life. Who can read the eloquent compositions of Augustine, without being struck by their complexion of ardent passion, tempered indeed, and supported by the utmost keenness of intellect."1

This passionate love necessarily exhibits itself in worship. As the son sets his mother's photograph in a handsome frame, and the daughter encrusts the locket containing her hair with gold and gems, so does the Christian adorn and beautify everything that is to him a memorial of his Lord. He builds Him the most beautiful shrine, he decorates it with gold and marble and cedar, he fills its windows with coloured panes and covers the walls with paintings. He makes the service speak to him of Christ, and he glorifies it with organ note and the strain of chorister.

Every gesture of the priest preserves some memorial of his Lord; the altar is hung with velvet and gold because on it his Emmanuel rests, the chalice blazes with jewels because in it is the blood shed for him. The Host is elevated amidst swing of censers and a glow of tapers, because It is the bread broken for him. Flowers beautify the sanctuary, for his Lord dwells there; bells peal out in glad announcement that the Christ is coming. All men kneel because He is there.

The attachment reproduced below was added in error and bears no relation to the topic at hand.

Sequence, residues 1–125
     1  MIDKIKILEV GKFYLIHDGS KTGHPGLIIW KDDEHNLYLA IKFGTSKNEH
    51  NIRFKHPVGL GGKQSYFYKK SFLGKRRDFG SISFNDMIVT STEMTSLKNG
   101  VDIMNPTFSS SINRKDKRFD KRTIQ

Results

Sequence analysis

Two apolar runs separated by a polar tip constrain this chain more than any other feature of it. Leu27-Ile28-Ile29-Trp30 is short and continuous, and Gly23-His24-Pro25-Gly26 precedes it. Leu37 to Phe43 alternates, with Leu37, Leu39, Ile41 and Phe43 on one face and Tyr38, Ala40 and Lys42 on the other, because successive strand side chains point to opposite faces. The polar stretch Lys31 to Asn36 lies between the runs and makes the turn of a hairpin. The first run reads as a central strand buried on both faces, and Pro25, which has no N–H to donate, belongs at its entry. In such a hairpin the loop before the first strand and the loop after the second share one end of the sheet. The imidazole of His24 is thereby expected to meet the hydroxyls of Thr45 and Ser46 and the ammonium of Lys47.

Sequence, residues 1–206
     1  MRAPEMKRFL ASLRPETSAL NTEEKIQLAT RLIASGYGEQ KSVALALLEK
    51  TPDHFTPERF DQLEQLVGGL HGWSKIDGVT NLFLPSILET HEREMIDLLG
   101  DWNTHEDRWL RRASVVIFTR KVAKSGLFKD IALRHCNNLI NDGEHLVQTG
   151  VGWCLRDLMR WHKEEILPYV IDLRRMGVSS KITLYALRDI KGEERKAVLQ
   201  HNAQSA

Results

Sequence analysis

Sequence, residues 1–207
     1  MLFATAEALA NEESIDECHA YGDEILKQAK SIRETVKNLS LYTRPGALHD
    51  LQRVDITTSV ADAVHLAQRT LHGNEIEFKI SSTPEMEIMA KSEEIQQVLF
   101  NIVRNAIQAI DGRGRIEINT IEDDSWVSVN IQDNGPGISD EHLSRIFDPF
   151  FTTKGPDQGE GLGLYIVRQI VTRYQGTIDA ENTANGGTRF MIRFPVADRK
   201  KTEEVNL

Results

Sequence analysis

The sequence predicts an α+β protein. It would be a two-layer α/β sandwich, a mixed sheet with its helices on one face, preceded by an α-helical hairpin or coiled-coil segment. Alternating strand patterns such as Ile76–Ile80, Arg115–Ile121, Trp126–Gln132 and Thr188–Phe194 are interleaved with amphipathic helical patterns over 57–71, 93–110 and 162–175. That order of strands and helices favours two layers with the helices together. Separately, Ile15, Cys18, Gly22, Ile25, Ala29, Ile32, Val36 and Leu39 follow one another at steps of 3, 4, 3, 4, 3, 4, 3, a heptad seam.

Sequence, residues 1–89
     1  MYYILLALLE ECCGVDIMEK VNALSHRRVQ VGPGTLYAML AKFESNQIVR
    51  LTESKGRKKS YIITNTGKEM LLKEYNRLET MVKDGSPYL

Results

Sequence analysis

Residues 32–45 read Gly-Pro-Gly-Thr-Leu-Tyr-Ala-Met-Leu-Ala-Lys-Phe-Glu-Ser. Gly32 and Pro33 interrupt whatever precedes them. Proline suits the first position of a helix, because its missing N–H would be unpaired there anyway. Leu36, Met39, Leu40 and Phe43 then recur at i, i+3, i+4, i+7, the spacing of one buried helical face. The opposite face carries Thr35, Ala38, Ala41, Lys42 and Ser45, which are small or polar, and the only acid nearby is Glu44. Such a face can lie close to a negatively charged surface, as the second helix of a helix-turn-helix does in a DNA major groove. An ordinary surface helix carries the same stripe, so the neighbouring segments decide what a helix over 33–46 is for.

This is the secret of ritual and the splendour of Catholic worship. Let those who meddle with the practices of public worship to curtail ceremonies, and one by one to extinguish its glories, know that they are offering thereby an insult to the Lord in Whom they say they believe. The prelate who will lavish thousands on the adornment of his palace, or on heavy insurance of his life for the benefit of wife and children, will persecute, and drive from his church, the poor curate who, loving his Lord better than himself, out of his slender income sacrifices a third to the adornment of the altar.